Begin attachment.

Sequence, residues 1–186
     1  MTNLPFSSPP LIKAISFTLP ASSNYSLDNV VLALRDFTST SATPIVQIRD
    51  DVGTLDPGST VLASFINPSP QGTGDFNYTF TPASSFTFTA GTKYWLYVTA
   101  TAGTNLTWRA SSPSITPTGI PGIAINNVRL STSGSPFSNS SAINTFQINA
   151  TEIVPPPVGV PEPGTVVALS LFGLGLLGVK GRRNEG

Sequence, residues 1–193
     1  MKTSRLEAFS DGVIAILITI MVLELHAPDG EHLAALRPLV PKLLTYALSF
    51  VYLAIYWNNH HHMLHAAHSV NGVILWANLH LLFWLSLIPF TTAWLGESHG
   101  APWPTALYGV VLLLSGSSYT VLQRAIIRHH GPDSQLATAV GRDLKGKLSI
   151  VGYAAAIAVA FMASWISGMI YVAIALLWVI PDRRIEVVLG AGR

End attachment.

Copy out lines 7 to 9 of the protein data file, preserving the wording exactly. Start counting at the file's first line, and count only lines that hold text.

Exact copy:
     1  MKTSRLEAFS DGVIAILITI MVLELHAPDG EHLAALRPLV PKLLTYALSF
    51  VYLAIYWNNH HHMLHAAHSV NGVILWANLH LLFWLSLIPF TTAWLGESHG
   101  APWPTALYGV VLLLSGSSYT VLQRAIIRHH GPDSQLATAV GRDLKGKLSI